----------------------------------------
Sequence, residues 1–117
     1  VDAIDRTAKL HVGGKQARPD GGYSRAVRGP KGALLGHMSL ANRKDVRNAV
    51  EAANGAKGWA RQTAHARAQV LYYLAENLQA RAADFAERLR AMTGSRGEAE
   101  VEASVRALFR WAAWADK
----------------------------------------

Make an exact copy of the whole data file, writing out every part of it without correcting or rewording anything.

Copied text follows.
Sequence, residues 1–117
     1  VDAIDRTAKL HVGGKQARPD GGYSRAVRGP KGALLGHMSL ANRKDVRNAV
    51  EAANGAKGWA RQTAHARAQV LYYLAENLQA RAADFAERLR AMTGSRGEAE
   101  VEASVRALFR WAAWADK